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A stellar Slow Food Nations panel on mental health issues in the hospitality industry led by (from left to right): Alexandra Palmerton (CHOW), Patrick Mulvaney (I Got Your Back), Zander Tekus (chef from Aspen), John Hinman (Hinman's Bakery), and Katherine Miller (James Beard Foundation). Photo by Lucy Beaugard

Colorado Hospitality Industry Rallies For Their Own Around Mental Health

The Culinary Hospitality Outreach & Wellness program (CHOW), as well as other initiatives by local restaurant groups, are here to help during this stressful time.

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Mental health and substance abuse were two big issues concerning members of the hospitality industry before the novel coronavirus ever entered our lexicon. Those service workers are at greater risk for depression, sleep problems, and stress than non-tipped workers, and food-and-beverage employees have the highest rate of addiction of any industry. With the added stress, anxiety, and financial insecurity that comes with shutdowns and rapidly rising unemployment, culinary workers are struggling even more than most. But there are many from those ranks in Colorado who are also rising up against the challenges of the current moment, helping each other in new and creative ways.

“The hospitality industry has always been the first responders—during 9/11, hurricanes—and we’re still first responders,” says John Hinman, owner of legendary pie-centric Hinman’s Bakery. He and food writer Alexandra Palmerton co-founded a nonprofit organization called CHOW (Culinary Hospitality Outreach & Wellness) that is making a difference for its community. CHOW’s mission is to help industry folks find support and discuss problems they’re facing. It started with Hinman’s own struggles with addiction and feelings of hopelessness; hearing others share their stories helped him turn things around. “I took those skills I learned getting sober and brought them to our restaurant community,” Hinman says. “CHOW is creating a safe place for people to take a breath for a minute, to come and say, ‘Hey, I’m hurting.’ And that’s OK,” he says.

Before the COVID-19 restaurant closures, CHOW hosted weekly in-person meetings; it has since increased that outreach to three virtual opportunities for support and connection each week. The group is also working with Operation Family Meal to provide free food to out-of-work industry employees and has partnered with Heather Lundy Nelson of Khesed Wellness to help workers receive free counseling sessions. “People are coming and sharing, and it’s been really cool. We talk about our struggles, anything we’re dealing with, stress—really just encouraging each other,” Hinman says.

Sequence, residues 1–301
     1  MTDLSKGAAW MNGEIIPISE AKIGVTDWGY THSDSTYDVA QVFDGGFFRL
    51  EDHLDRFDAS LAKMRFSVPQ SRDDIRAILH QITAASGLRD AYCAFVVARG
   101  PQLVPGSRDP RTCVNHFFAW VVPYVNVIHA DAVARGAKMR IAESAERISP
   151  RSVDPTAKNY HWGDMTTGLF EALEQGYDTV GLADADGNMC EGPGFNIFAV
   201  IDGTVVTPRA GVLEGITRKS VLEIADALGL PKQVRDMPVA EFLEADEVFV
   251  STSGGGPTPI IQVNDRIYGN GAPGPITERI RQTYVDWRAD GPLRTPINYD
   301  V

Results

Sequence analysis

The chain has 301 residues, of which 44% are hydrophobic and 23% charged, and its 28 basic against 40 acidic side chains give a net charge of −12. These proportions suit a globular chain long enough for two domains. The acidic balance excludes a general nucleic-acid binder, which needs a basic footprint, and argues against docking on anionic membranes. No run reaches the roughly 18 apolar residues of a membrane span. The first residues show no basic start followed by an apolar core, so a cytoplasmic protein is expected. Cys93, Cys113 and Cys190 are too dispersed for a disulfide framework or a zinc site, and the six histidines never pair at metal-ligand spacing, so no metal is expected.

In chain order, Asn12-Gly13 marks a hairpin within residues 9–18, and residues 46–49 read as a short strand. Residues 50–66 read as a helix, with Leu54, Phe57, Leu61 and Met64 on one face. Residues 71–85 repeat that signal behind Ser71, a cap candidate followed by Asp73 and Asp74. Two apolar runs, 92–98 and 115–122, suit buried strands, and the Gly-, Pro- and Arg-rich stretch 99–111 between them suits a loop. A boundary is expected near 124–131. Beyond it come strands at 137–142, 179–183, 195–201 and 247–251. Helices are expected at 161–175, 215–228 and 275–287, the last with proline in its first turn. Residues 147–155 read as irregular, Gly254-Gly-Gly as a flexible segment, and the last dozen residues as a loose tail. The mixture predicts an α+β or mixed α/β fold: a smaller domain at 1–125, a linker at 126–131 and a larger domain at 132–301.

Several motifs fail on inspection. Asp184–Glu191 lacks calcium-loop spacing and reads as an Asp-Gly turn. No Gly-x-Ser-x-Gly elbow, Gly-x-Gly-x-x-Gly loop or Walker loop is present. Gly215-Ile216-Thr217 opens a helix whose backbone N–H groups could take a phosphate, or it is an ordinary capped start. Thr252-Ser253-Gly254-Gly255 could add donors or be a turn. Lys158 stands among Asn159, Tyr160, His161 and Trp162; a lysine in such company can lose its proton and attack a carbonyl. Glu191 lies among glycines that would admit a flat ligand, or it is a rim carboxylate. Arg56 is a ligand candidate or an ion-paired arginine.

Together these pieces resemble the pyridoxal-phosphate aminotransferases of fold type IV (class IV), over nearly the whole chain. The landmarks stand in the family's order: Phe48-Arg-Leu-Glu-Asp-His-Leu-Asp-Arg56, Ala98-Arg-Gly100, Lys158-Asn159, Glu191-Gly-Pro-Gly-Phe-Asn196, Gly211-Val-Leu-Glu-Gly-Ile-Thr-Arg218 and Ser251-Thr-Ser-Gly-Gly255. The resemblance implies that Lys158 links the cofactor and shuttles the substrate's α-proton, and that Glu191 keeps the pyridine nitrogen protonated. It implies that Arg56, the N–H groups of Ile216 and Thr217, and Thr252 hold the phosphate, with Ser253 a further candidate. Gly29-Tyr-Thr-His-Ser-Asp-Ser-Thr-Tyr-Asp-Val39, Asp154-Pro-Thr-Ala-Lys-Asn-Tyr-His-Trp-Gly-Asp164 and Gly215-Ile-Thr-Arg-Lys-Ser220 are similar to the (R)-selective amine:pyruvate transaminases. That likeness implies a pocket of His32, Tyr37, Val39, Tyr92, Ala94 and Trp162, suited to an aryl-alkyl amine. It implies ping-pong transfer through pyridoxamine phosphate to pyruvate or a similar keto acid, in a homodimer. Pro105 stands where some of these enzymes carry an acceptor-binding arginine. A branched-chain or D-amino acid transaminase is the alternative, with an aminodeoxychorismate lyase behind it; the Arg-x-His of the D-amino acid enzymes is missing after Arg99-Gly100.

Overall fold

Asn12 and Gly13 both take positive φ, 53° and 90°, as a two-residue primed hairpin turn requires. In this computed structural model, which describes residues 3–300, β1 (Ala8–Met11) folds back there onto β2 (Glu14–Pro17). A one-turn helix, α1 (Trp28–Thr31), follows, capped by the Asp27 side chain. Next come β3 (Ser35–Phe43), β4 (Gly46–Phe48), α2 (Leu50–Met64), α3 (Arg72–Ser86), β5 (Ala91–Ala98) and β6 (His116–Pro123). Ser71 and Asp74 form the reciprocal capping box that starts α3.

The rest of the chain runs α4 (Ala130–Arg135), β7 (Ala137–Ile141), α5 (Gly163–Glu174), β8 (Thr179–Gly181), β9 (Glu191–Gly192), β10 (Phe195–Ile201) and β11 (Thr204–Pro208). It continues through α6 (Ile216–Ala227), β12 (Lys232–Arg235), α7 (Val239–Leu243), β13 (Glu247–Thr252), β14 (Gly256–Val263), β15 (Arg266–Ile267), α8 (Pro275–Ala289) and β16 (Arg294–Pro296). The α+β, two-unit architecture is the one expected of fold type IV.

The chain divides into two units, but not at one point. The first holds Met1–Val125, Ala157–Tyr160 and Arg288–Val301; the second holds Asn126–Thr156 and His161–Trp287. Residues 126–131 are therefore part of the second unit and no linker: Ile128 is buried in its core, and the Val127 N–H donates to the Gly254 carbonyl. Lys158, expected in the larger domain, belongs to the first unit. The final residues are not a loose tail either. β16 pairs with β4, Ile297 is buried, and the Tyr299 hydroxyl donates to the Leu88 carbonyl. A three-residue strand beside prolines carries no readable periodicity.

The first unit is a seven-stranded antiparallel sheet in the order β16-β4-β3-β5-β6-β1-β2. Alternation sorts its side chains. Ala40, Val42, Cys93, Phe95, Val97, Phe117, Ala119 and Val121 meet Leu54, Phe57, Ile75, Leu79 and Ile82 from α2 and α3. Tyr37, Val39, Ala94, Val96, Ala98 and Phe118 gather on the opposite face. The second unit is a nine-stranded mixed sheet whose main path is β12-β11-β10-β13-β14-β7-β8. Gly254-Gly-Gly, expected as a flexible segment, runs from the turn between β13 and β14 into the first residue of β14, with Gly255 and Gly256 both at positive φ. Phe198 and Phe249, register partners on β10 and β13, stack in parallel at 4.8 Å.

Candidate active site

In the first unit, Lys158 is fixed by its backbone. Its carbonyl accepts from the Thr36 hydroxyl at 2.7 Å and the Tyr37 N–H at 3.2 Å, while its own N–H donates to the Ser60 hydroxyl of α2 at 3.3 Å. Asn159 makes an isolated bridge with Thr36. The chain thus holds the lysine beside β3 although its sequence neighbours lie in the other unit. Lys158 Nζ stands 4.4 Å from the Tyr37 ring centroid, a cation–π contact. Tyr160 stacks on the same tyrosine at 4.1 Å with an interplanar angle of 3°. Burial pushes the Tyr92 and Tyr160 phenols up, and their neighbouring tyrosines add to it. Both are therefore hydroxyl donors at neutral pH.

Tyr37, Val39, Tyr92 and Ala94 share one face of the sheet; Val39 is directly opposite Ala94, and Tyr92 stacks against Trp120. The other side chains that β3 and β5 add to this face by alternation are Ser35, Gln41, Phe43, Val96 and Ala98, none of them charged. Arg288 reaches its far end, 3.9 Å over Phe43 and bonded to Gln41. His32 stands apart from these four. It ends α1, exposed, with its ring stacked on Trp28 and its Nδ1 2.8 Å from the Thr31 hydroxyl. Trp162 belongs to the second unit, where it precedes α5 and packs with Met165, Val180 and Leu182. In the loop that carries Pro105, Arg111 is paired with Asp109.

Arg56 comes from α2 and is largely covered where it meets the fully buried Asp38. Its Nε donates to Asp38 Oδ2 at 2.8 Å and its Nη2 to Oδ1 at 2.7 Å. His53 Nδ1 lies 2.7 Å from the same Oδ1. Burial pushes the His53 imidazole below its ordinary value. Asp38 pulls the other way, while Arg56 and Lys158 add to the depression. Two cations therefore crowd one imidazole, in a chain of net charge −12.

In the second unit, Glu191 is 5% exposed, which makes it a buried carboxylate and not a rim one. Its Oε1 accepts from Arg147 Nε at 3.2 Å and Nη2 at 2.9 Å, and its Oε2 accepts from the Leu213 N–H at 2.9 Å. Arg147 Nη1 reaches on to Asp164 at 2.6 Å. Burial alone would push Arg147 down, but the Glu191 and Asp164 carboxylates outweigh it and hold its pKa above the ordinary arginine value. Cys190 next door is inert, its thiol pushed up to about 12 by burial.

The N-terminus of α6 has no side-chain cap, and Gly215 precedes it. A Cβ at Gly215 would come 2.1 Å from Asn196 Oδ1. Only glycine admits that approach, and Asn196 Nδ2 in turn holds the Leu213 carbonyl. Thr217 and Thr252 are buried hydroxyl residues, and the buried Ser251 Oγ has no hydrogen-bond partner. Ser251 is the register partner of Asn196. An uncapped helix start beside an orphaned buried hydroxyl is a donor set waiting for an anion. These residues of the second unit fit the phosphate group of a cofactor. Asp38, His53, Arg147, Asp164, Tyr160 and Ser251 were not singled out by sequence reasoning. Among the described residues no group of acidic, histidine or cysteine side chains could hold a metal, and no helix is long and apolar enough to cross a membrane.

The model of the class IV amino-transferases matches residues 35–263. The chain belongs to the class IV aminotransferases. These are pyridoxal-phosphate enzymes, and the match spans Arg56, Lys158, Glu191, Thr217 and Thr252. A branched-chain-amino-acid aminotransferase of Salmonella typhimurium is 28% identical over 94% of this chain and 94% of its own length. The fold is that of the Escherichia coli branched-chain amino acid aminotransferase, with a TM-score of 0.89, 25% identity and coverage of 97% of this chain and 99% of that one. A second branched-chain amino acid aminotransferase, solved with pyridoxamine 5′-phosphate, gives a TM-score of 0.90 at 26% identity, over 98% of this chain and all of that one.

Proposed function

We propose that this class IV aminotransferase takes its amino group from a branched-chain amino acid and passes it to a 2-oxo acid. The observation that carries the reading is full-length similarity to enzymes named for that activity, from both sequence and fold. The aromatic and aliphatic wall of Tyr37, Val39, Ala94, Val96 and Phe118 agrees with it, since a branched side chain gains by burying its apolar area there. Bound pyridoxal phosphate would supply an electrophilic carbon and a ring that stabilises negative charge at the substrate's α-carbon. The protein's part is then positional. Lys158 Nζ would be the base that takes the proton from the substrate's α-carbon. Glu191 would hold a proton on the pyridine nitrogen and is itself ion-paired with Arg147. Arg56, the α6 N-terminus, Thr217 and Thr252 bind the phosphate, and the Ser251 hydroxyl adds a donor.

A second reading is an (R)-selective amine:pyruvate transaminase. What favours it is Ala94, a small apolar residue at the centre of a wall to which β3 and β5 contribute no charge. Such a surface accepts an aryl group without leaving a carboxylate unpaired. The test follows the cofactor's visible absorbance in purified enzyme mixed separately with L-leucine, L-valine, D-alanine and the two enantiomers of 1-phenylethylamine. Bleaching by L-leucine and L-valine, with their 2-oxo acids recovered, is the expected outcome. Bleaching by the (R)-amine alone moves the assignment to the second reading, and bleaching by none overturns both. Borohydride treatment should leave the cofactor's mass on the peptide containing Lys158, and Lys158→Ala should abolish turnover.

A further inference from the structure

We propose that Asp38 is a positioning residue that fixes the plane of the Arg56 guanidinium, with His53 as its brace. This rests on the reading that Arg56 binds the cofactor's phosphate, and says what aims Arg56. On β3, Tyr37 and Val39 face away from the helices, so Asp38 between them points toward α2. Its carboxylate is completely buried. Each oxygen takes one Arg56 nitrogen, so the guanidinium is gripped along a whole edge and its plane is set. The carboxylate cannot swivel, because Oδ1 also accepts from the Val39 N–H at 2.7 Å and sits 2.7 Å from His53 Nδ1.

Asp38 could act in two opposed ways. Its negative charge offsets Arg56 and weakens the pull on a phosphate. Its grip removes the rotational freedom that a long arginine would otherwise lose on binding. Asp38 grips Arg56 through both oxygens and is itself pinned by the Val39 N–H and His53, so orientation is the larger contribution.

Others in the Colorado hospitality industry are supporting local employees, too. Josh Wolkon’s Secret Sauce restaurant group (Vesta, Steuben’s Food Service, and Ace Eat Serve) has made employee wellness a priority since day one. For 15 years, Wolkon has put company resources into a wellness program focused on healthy ways to combat the stress, late-night culture, and the common overindulgences of bar and restaurant life. Services includes hypnotherapist sessions, smoking cessation, annual cleanses, sober weeks, and gym memberships. “As an employer in this industry in particular, you see a lot of people go the wrong way,” Wolkon says. “I hope the people working for us are healthier, happier, and better people when they leave us. That’s the intention of the program.”

After the mandated dine-in restaurant closure in mid-March, Wolkon let go of most of his staff, but he kept his employees’ health insurance active through April; provided free daily meals and hosted weekly farmers’ markets where they could pick up free produce; and encouraged those who needed it to take advantage of local mental health resources like those offered by CHOW. “Even coming by Steuben’s to pick up a meal and see a familiar face has been important to some staff, especially those living alone and in need of some human connection,” he says.

The Big Red F Restaurant Group (Jax Fish House & Oyster Bar, Lola Coastal Mexican, the Post Brewing Company, and others) got involved with CHOW early on. The company’s employee assistance program also helps its workers with everything from childcare to mental health counseling. Employees can use the program for a minimum of three free therapy sessions to assist with whatever they’re going through.

The Colorado Restaurant Association has made sharing mental health resources a priority during this time as well, hosting a webinar on managing anxiety and publishing emotional support call lines for those who need it.

Death & Co.’s head bartender Alex Jump recently co-founded Focus on Health to help hospitality workers take care of themselves, mentally and physically. The group provides health and wellness education, programming, and outreach, sharing content like the Healthtender’s weekly exercises, the Glow Club’s meditation classes, and I Heard You’s one-on-one online support sessions. Plus, this Friday, May 15, at 2 p.m., Jump will demonstrate how to make a gin fizz on Girls Nite In Online, a free platform that invites unemployed or underemployed fitness instructors, chefs, mixologists, hairdressers, and more to present 30-minute Zoom workshops. Voluntary donations go to the workshop leader via a virtual tip jar, but all tips earned during Jump’s session will benefit Focus on Health.

Restaurant workers looking for camaraderie and connection during this pandemic and beyond are welcome to join Focus on Health’s community and CHOW’s Zoom meetings on Mondays, Wednesdays, and Fridays (meeting links are posted on CHOW’s Facebook page).

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